Requirements for consumers to wear masks at public places like retail stores and restaurants are very similar to smoking bans, according to three university experts.
In a paper published today (July 16, 2020) in the American Journal of Preventive Medicine, the professors say mask requirements to stop the spread of COVID-19 should be considered “fundamental occupational health protections” for workers at stores, restaurants and other public places.
“Both tobacco smoke and COVID-19 are air-based health hazards to workers who may be exposed to them for hours on end,” said Michael Vuolo, co-author of the paper and associate professor of sociology at The Ohio State University.
“Requiring that members of the public wear masks is a form of workplace protection.”
Vuolo, who researches the effectiveness of smoking bans, wrote the article with Brian Kelly, a professor of sociology at Purdue University who is an expert on health policy, and Vincent Roscigno, a professor of sociology at Ohio State who is an expert on labor and worker rights.
The main argument typically made against a mask requirement, as was the case with smoking bans, is that it violates the individual liberties of Americans.
“But even the strictest individual liberty philosophies still recognize that those liberties only go to the point of harm against others,” Vuolo said.
“It is clear that COVID-19 is a threat to workers who may be exposed to it and mask wearing can help minimize that threat.”
The issue is also one of inequality, because many of the workers in service and retail industries are people who earn lower wages and are racial and ethnic minorities.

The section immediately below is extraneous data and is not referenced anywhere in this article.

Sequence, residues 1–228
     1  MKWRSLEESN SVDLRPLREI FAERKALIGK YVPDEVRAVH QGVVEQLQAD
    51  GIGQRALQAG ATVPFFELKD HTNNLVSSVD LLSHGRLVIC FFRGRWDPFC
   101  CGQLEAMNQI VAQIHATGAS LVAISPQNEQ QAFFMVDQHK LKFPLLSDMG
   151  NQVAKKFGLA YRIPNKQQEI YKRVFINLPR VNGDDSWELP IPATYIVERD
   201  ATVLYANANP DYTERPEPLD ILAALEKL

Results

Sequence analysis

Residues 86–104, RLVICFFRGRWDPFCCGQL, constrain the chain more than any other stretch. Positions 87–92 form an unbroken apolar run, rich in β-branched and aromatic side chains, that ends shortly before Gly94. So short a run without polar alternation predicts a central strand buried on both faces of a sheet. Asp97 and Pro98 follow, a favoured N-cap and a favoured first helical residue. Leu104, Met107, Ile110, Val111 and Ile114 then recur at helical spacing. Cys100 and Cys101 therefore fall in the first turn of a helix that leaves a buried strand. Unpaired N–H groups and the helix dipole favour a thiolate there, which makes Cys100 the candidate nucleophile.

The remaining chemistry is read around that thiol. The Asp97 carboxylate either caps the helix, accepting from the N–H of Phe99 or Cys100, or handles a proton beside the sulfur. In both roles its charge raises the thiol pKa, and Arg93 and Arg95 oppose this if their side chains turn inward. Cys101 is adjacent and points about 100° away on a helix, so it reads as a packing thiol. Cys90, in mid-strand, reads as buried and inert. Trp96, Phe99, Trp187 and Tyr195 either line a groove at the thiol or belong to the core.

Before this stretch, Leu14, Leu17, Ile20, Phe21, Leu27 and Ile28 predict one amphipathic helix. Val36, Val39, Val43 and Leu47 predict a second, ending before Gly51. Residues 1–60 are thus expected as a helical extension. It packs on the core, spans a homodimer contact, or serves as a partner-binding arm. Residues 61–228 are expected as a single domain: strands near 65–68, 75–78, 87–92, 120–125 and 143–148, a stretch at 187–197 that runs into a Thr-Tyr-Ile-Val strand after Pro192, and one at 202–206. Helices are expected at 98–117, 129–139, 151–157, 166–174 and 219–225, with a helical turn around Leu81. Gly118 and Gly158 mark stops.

Mask requirements may be a key means to reduce the already evident inequalities in who gets COVID-19, the researchers said.
The risks of contracting COVID-19 for workers are, in some ways, even more insidious than those related to smoking, Vuolo noted.
“The risk from smokers is clear. But workers don’t know who may have COVID-19 and who doesn’t. That makes mask requirements for everyone even more important,” he said.
Many business owners enforce smoking bans even when not required by law for a very good reason, according to Vuolo.
“Research has shown that workplace productivity is higher in workplaces that are seen as healthy and safe.”
Vuolo said it is important to remember how controversial smoking bans were when they were first implemented. Now, they are hardly mentioned.
“No one is out there policing smoking for the most part. Health authorities could if they had to, but it is usually not necessary,” he said.
“The way we got people to stop smoking in public was simply to make it abnormal. We could do a similar thing by making it abnormal not to wear a mask,” he said.
If mask-wearing is required, it could become as normalized here in the United States as it is in east Asia. At some point, people may even consider wearing masks during normal flu seasons, Vuolo said.
But until that time, we need legal requirements to protect workers, according to the authors.
“Wearing a mask may seem like a nuisance, just like having to step outside to smoke may seem like a nuisance,” Vuolo said.
“But both are a small inconvenience when compared to workers’ rights to a safe work environment.”